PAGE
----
35. SocSec did NOT mandate purchase of retirement plans from Wall Street n/t

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Response to eridani (Reply #35)

Tue Mar 27, 2012, 09:20 AM

53. But SocSec did mandate withdrawals from your paycheck. n/t

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Response to DippyDem (Reply #53)

Tue Mar 27, 2012, 09:42 AM

61. To cover a government, not private, retirement program.

 

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Response to Better Believe It (Reply #61)

Tue Mar 27, 2012, 02:18 PM

97. And that changes

the fact that the extreme left fought FDR tooth and nail to get social security, or that they did not burn out LBJ, who made medicare?

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Response to DonCoquixote (Reply #97)

Tue Mar 27, 2012, 03:04 PM

99. It was the extreme left that guaranteed that Roosevelt had to come up with something

And what he came up with was a program run by the GOVERNMENT.

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Response to eridani (Reply #99)

Tue Mar 27, 2012, 05:40 PM

113. and you think

that this congress will allow that? But go ahead and see Obama fall so that Mitt can stuff the court with people that make Scalia look like a marxist.

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Response to DonCoquixote (Reply #113)

Tue Mar 27, 2012, 07:29 PM

121. Obama will make mincemeat of Mitt on health care no matter what the court decides

Mitt's MA reform is identical to Obama's, and Obama will not let him get by with denying that.

This "what congress will allow" horseshit is really sickening. It means that Dems can't think of a single thing to do other than to passively allow repukes to set the terms of the political battleground.

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Response to eridani (Reply #121)

Tue Mar 27, 2012, 07:40 PM

124. call it horseshit

but I have to hear people defend their democratic congressperson, even if it is someone like mary landrieu that demanded the oil rigs be open now, ecology be damned.

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Response to DonCoquixote (Reply #124)

Tue Mar 27, 2012, 08:25 PM

131. I'm not talking about any specific policy

I'm talking about setting the terms of the debate! Why do Dems have to be so fucking passive, accepting repuke framing as if it were inevitable that it should be the ground of all public discourse? Thank heavens for OWS--at least some people have the guts to stand up and start changing basic premises.

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Response to Better Believe It (Original post)

Mon Mar 26, 2012, 11:28 PM

24. In a perfect world

if "Obamacare" gets struck down, a bipartisan group of legislators would get together and come up with a better plan to replace it. As should be painfully obvious by now, we don't live in that particular world with the Republican Tea Party running amok. The fact that we BARELY got what we got should remove any doubts as to whether we could have gotten something better or even single payer. We should IMHO consolidate our gains under the new law, make sure the key benefits get implemented, then work like hell to get a progressive majority elected to Congress to help tweak the law and fix some of its flaws and perhaps make it into the single-payer system that we want. The Republicans want to destroy it completely and take us back to health care system as it existed on 03/22/10 and before and will not fix a g-d single thing! We need to mend the law NOT end it IMHO but the only way that will happen is if we get a progressive majority elected to Congress and/or state legislatures willing to do it. Let's stop sitting around talking about what we didn't get. Let's figure out what we want and elect people whom promise to deliver it!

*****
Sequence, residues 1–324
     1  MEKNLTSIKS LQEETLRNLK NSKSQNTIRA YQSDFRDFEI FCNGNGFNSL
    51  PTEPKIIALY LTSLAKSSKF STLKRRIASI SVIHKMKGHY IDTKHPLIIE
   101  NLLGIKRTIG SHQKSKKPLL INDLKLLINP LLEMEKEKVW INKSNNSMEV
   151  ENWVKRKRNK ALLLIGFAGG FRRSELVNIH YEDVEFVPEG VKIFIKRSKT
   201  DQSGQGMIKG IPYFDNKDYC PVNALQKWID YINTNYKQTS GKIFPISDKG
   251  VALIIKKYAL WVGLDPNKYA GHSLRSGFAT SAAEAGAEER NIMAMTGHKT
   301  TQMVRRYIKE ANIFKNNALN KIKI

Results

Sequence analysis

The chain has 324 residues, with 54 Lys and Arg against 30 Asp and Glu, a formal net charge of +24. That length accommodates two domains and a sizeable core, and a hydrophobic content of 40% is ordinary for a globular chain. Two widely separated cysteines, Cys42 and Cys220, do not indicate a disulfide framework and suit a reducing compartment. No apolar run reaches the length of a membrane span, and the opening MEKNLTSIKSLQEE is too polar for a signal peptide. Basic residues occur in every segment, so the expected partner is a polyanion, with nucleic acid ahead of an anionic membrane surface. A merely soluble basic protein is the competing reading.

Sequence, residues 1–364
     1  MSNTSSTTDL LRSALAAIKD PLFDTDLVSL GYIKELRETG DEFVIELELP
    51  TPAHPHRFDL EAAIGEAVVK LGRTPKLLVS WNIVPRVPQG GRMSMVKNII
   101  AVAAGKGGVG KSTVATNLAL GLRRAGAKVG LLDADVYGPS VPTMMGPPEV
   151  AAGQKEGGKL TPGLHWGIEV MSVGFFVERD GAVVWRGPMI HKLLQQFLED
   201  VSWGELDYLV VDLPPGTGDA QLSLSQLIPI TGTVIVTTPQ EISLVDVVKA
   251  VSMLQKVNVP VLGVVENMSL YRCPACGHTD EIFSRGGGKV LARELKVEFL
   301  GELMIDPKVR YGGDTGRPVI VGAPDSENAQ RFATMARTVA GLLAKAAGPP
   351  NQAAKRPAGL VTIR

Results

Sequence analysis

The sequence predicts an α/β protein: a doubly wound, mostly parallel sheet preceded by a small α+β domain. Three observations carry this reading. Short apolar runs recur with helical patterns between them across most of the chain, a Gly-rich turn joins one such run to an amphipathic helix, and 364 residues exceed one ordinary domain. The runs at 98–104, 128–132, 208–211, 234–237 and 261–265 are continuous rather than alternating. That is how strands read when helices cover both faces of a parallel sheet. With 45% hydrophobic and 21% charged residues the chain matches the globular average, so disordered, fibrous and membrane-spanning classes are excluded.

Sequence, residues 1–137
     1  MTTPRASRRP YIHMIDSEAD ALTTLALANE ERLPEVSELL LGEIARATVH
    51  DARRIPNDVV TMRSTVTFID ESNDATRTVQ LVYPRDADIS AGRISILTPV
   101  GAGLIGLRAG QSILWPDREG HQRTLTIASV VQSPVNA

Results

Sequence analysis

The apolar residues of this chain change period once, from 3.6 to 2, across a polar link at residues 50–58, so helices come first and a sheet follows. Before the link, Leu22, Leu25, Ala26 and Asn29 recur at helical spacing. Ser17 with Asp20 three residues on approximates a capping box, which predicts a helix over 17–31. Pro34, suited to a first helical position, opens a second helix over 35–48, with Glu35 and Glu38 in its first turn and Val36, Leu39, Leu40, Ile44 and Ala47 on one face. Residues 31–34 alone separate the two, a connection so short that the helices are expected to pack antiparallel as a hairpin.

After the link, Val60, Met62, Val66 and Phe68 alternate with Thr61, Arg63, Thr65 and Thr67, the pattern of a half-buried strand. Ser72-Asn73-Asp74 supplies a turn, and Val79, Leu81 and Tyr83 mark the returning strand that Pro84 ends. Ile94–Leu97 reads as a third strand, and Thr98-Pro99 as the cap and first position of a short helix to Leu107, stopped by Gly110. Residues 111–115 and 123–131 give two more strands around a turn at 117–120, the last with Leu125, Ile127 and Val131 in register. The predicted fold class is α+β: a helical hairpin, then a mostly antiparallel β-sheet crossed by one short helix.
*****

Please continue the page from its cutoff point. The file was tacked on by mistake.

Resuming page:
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Response to Better Believe It (Original post)

Mon Mar 26, 2012, 11:30 PM

26. And in this magic world

Medicare for all will be passed next day.

Wow!

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Response to nadinbrzezinski (Reply #26)

Mon Mar 26, 2012, 11:33 PM

27. And how many Democrats are needed in the Senate to pass Medicare for All? 51? 60? 70? More?

 

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Response to Better Believe It (Reply #27)

Mon Mar 26, 2012, 11:52 PM

31. If the congress and senate of 2008 did not teach you this

I don't think it can be done.

In an ideal world...alas we don't live in one.

And I am all for single payor, in the current environment it ain't happening.

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Response to nadinbrzezinski (Reply #31)

Tue Mar 27, 2012, 09:49 AM

62. Do you think 80 Senate Democrats would be enough to get it passed?

 


It's possible that 20 or 30 of those Senators would be "centrists" opposed to Medicare for All.

Good luck with electing 50 progressive/liberal Democrats that support Medicare for All to the Senate!

You need a mass movement in order to accomplish anything in this country.

That's our history.

The politicians, Republicans and Democrats, can be pressured into doing things they would not normally support if there is a big enough movement demanding progressive changes.

Nixon supported affirmative action and he was a fricken bigot!